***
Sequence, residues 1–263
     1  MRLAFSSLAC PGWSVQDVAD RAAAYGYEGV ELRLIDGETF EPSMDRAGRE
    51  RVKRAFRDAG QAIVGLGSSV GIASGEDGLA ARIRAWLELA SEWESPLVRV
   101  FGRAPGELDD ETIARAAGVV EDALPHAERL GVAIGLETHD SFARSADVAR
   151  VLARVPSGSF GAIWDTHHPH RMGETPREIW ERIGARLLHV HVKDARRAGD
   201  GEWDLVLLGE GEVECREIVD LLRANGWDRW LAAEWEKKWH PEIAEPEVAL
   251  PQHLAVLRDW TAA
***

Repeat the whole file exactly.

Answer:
Sequence, residues 1–263
     1  MRLAFSSLAC PGWSVQDVAD RAAAYGYEGV ELRLIDGETF EPSMDRAGRE
    51  RVKRAFRDAG QAIVGLGSSV GIASGEDGLA ARIRAWLELA SEWESPLVRV
   101  FGRAPGELDD ETIARAAGVV EDALPHAERL GVAIGLETHD SFARSADVAR
   151  VLARVPSGSF GAIWDTHHPH RMGETPREIW ERIGARLLHV HVKDARRAGD
   201  GEWDLVLLGE GEVECREIVD LLRANGWDRW LAAEWEKKWH PEIAEPEVAL
   251  PQHLAVLRDW TAA